Micheline the strong
Now, many mothers might be anxious to see another woman burn off with their baby on a snow machine across a stretch of frozen sea ice. But, I knew Hector was in good hands. I have worked in Igloolik on and off for eight years and one thing I know about Micheline: she is a formidable woman. A skilled seamstress and avid hunter, her namesake is Ataguttaaluk, a celebrated figure in Igloolik's history who makes a cameo appearance in the JKR film. Ataguttaaluk was dubbed by the whalers " the Queen of Igloolik". In the early 1900s, Ataguttaaluk's family became stranded on the land. Her husband and children starved to death and Ataguttaaluk survived by eating pieces of their bodies. She was rescued by passers-by on the brink of death, eventually married again, raised a family, and was renown throughout the region ever-afterwards for her tremendous strength and courage. Micheline, the contemporary reincarnation of a man named after this woman, was raised as a boy for the first part of her life. She was taught land skills as a little girl by her brother, her uncle, and her grandfather. She can hunt, butcher and skin caribou, walrus, seals, wolves and polar bear. She can set fish nets, build an igloo, pitch a tent, fix a snowmobile, and administer Isuma office affairs. She raised her six kids in outpost camps around Igloolik. She is a fast driver and a card shark. In a few words, she is tough. Way tougher than me, that is for sure. As I climbed into the waiting Sila qamutiq, I decided that if anyone was going to carry my son across the sea ice in my place, I wanted it to be her.
The ride across the sea ice was cold, windy and very very bumpy. With six heavily-clad Sila crew-members squished on to the qamutiq, we found ways of accommodating and readjusting our intermingled arms and legs to make the ride more comfortable. I was lost in thought and facing out to the side, at one point, staring out at the expanse of ice, when a purple flash of fabric appeared in my view. There was Micheline and Hector, overtaking us on our left. Speed demons, both of them. She expertly absorbed a bump in the trail by leaning forward on her snow machine and bracing herself with her legs. They were air bound. I saw her hood bounce as the skidoo skis returned to the ground, and thought of the wee little lad, huddled up inside. Then they were gone.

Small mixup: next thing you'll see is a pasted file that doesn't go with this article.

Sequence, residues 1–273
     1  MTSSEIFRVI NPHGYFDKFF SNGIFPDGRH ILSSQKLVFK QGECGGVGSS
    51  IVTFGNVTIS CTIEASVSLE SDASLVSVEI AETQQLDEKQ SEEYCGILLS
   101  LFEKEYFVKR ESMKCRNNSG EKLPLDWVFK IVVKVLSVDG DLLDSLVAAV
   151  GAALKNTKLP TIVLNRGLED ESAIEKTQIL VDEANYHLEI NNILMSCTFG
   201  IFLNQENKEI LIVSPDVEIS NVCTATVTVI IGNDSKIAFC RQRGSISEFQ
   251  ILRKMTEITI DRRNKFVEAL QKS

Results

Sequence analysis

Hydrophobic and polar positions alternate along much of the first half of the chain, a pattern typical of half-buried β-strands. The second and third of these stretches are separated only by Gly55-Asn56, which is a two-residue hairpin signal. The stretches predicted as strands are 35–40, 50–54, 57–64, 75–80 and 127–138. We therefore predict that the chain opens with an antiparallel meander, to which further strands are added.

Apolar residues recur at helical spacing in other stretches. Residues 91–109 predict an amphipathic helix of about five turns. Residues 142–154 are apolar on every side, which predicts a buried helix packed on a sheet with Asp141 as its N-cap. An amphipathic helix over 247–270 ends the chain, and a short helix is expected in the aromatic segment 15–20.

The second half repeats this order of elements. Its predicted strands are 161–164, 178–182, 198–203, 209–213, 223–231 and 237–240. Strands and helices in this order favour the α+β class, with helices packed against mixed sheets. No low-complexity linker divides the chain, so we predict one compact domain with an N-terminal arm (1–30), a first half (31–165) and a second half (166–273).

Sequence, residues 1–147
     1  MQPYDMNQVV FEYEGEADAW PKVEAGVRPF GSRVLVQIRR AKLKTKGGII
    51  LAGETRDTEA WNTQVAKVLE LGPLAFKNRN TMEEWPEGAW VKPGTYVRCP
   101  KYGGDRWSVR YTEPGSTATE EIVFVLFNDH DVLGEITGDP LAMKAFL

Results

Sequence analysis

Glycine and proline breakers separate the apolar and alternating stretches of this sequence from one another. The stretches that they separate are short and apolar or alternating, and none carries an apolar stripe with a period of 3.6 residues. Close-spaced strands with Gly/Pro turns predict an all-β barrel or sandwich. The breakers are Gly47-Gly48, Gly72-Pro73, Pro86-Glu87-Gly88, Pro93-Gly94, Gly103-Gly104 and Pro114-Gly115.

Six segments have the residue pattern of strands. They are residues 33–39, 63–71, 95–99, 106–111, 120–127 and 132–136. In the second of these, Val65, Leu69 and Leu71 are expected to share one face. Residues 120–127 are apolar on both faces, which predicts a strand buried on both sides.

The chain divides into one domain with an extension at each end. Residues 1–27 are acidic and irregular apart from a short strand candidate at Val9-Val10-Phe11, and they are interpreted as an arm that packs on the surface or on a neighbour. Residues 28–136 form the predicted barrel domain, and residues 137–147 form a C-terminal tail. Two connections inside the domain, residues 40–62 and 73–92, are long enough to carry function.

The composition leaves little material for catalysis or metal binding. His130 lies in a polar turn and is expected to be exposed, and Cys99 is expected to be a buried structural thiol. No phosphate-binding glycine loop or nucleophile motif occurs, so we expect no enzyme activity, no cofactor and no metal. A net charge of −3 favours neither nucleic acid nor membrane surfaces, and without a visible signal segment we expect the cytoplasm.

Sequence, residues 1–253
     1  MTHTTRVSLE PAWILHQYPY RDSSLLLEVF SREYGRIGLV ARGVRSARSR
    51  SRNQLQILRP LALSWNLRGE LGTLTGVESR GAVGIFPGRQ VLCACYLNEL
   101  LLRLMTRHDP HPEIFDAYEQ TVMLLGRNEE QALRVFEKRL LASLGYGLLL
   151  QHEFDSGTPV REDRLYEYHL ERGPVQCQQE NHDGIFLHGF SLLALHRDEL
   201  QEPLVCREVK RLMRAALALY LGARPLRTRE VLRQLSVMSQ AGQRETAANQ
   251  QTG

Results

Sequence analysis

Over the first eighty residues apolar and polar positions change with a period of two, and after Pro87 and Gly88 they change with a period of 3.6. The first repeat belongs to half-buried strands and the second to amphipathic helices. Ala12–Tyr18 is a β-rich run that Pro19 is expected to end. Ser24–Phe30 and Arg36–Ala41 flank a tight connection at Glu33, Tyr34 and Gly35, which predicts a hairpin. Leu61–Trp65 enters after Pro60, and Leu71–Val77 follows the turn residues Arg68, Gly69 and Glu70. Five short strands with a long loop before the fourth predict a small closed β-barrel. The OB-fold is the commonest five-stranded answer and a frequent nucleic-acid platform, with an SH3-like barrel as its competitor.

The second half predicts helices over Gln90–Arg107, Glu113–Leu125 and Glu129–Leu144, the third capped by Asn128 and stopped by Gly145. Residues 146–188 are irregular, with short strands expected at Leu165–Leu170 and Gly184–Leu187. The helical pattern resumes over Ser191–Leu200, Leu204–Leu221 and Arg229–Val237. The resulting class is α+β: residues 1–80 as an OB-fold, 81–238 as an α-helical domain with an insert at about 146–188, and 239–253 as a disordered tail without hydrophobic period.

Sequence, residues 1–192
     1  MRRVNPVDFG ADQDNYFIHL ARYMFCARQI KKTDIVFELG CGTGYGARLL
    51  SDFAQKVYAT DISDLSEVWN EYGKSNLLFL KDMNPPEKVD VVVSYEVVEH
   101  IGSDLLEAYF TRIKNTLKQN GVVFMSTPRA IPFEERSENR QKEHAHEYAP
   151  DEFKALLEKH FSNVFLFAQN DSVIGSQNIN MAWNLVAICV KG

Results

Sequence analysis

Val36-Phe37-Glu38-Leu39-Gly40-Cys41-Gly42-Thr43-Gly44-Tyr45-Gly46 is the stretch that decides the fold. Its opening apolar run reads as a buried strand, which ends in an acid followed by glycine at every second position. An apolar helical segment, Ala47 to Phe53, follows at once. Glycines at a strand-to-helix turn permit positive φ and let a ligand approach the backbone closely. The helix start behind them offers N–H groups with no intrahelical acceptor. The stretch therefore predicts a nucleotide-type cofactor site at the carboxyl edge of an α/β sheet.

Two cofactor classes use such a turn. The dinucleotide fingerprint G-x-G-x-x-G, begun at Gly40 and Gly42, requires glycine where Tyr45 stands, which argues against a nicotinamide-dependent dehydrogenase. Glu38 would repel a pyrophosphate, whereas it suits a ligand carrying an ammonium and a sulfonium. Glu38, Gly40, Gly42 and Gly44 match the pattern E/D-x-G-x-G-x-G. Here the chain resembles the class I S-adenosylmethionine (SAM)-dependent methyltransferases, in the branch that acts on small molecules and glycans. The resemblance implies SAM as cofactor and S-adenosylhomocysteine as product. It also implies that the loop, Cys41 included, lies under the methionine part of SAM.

An hour later and it was tea-break time in the middle of the ice. Snowmobiles and qamutiks and dog teams (also being run across the ice to Siuraarjuk) were assembled. Cups and thermoses and snacks were being pulled out and Coleman stoves were being lit. I looked around at the gang of people laughing and talking, but Micheline and little Hector were not part of this glacial picnic. Instead she was off in the distance, a purple and yellow figure on a white landscape, surrounded by a pack of snarling, enormous wolf-like sled-dogs. She and Hector were untangling the leads of her brother's team while he had tea.
Finally at Siuraarjuk
We arrived at Siuraarjuk a few hours later where a base camp of tents, a cook house, etc. had been been built to accommodate Isuma cast and crew for three weeks of filming outdoor scenes. Our journey complete, the Sila crew disentangled our limbs from each other and joined other "expedition" members looking for our tent. I thought of my baby's adventures, racing across the sea ice, battling sled-dogs. Micheline padded over to me and pulled a sleeping Hector out of her hood. I wrapped him in his outer-gear. "Does your baby have a cold?", she asked me. "He has been snoring the whole way".
Over and out.